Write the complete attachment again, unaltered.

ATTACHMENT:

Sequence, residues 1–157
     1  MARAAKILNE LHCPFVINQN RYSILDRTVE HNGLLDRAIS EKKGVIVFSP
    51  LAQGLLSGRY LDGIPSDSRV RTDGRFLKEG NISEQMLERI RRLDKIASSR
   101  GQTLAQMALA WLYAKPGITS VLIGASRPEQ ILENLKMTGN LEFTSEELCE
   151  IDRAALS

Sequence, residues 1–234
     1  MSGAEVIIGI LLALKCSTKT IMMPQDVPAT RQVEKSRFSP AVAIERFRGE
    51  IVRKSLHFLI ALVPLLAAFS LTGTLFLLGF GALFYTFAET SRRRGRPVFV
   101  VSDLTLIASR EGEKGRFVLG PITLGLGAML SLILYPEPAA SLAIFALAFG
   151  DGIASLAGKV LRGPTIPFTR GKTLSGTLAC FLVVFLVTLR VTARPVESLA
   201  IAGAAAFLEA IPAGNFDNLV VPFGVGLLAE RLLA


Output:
Sequence, residues 1–157
     1  MARAAKILNE LHCPFVINQN RYSILDRTVE HNGLLDRAIS EKKGVIVFSP
    51  LAQGLLSGRY LDGIPSDSRV RTDGRFLKEG NISEQMLERI RRLDKIASSR
   101  GQTLAQMALA WLYAKPGITS VLIGASRPEQ ILENLKMTGN LEFTSEELCE
   151  IDRAALS

Sequence, residues 1–234
     1  MSGAEVIIGI LLALKCSTKT IMMPQDVPAT RQVEKSRFSP AVAIERFRGE
    51  IVRKSLHFLI ALVPLLAAFS LTGTLFLLGF GALFYTFAET SRRRGRPVFV
   101  VSDLTLIASR EGEKGRFVLG PITLGLGAML SLILYPEPAA SLAIFALAFG
   151  DGIASLAGKV LRGPTIPFTR GKTLSGTLAC FLVVFLVTLR VTARPVESLA
   201  IAGAAAFLEA IPAGNFDNLV VPFGVGLLAE RLLA